Atherosclerosis is a degenerative disease in which plaque made of fatty deposits accumulates on the inner walls of the arteries, hardens, thickens and begins to restrict blood flow. If the coronary arteries are blocked, it is commonly referred to as “heart disease”. If the effected artery is feeding the brain, it can cause a stroke. Atherosclerosis begins when cells on arterial walls become damaged and lesions are formed. Over time, these lesions collect cellular debris, cholesterol, and lipoproteins damaged by free radicals until that portion of the artery becomes blocked. By the time there are actual symptoms, the artery can be 90% blocked. The good news is atherosclerosis can, in most cases, be reversed or prevented through changes in lifestyle and diet.
The major risk factors include high blood cholesterol levels, smoking, diabetes, high blood pressure, being overweight, stress, and lack of aerobic exercise. These risk factors are compounded when there are more than one of the major risk factors present. Additional risk factors include: Too much saturated fat and refined food in the diet, vitamin B6 deficiency, caffeine and alcohol, excess salt, low antioxidant status, low levels of essential fatty acids, low levels of magnesium and potassium, elevated levels of homocysteine, increased fibrinogen formation, increased platelet aggregation and low thyroid function.
Reduce your intake of saturated fats and hydrogenated (or partially hydrogenated) fats. You can do this by eliminating or reducing red meat, high fat dairy products, margarine, fried foods and fatty snack foods. Instead, eat fish and white meat poultry, low or non-fat dairy products, and fresh vegetables and fruits.
Also, eliminate or reduce coffee consumption to one cup a day. Green tea makes a very healthful alternative. In addition, reduce or eliminate soft drinks (regular and diet). The phosphorus in soft drinks creates a negative balance of blood calcium.
Substitute whole grains and bread made from whole grain flour for refined bread and pastries.
Reduce the amount of sugar and salt in your diet and increase the amount of fresh fruits and vegetables.
Start an exercise program that you will stick with. It is always best to seek the advice of a licensed healthcare practitioner before starting an exercise program.
Integrate stress management into your life. Stress contributes to a build-up of plaque in the arteries. Meditation and/or yoga are very effective.
Lose weight if you need to.
Vitalzym – a systemic enzyme product that includes serrapeptase. 3-5 three times daily between meals.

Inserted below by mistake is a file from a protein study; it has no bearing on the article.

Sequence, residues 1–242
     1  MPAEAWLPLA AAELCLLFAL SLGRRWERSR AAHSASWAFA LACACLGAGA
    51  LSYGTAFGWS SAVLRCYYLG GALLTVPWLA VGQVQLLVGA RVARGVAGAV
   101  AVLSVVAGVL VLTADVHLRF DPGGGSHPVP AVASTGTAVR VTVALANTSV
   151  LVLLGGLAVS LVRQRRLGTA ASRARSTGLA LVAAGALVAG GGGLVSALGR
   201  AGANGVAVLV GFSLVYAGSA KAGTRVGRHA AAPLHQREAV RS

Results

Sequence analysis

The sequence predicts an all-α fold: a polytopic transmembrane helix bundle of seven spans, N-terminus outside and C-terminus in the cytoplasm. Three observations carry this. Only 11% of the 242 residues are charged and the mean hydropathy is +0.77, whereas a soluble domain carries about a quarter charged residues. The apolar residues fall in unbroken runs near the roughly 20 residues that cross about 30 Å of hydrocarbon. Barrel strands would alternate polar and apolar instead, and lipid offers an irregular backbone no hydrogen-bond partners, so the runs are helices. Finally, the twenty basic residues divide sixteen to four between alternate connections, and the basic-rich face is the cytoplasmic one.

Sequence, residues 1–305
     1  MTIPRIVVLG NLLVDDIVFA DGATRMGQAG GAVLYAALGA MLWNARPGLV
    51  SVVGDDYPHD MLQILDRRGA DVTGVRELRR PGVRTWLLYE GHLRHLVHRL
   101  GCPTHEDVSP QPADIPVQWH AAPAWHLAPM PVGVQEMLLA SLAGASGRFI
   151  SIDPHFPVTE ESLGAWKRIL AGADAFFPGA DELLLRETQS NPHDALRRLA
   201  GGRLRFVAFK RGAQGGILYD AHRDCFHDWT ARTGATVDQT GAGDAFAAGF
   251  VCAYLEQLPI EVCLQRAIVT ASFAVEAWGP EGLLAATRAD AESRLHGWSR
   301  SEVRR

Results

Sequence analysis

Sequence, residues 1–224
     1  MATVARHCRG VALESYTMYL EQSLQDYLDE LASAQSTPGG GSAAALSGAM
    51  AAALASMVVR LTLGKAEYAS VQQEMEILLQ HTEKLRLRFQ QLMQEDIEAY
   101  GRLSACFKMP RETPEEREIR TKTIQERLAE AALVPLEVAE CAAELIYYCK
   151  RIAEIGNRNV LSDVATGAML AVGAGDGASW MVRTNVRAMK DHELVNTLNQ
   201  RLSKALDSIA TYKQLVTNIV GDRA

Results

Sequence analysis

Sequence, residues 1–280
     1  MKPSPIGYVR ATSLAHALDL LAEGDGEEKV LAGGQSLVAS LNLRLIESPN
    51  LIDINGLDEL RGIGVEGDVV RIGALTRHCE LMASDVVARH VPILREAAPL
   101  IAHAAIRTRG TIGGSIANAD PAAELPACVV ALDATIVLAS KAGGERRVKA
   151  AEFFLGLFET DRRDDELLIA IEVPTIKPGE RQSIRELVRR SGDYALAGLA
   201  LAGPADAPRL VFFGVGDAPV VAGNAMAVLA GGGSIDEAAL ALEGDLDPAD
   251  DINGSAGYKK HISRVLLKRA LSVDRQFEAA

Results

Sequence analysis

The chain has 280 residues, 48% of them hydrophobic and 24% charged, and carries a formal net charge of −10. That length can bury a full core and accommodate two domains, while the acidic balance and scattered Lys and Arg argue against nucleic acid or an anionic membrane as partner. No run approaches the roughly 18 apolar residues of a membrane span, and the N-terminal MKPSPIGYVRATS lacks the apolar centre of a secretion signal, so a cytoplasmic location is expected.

GLA is the precursor to a prostaglandin PGE1, one of the most potent inhibitors of platelet aggregation.
Carnitine – 1,000-3,000 mg daily to help raise HDL and lower LDL cholesterol levels.
A good high-potency multi-vitamin and mineral formula daily.
If homocysteine levels are high, add 50 mg extra of B6 and B12 and 400 mcg extra of folic acid
A good antioxidant supplement
500 – 1,000 mg of Vitamin C three times a day.
400 – 800 IU of Vitamin E daily. The World Health Organization considers inadequate vitamin E levels to be the single biggest risk factor for heart disease.
1 tablespoon of flaxseed oil (omega-3 oils) once a day.
1,200 mg of garlic (in capsules) a day.
In some cases, dietary and lifestyle changes may not be sufficient alone to lower cholesterol levels. There are natural substances that can be used in place of drugs, all of which should be undertaken only under the advice of a licensed health practitioner.
One such natural substance is niacin. The best form of niacin is inositol hexanicotinate. Begin with 500 mg three times daily for 2 weeks, and then increase to 1,000 mg. Niacin has been shown in several studies to be more effective overall than drugs in lowering cholesterol levels.
Policosanols and red yeast rice have been shown in studies to lower elevated cholesterol.
Another alternative therapy is EDTA chelation therapy. EDTA ( ethylenediaminetetraacetic acid) is an amino-like acid and when released slowly into the bloodstream, binds with minerals like calcium, copper, iron and lead and carries them to the kidneys for excretion, thus preventing further free radical damage to the arteries.
There has been some preliminary research done in Germany with an enzyme called serrapeptase that shows that the enzyme’s protein-dissolving action will gradually break down atherosclerotic plaques. More research needs to be done on this, but it is a hope for the future.
The nutritional suggestions in this material are not offered to treat, mitigate or cure disease, and should not be used as a substitute for sound medical advice. This information is designed to be used in conjunction with the services of a trained, licensed healthcare practitioner.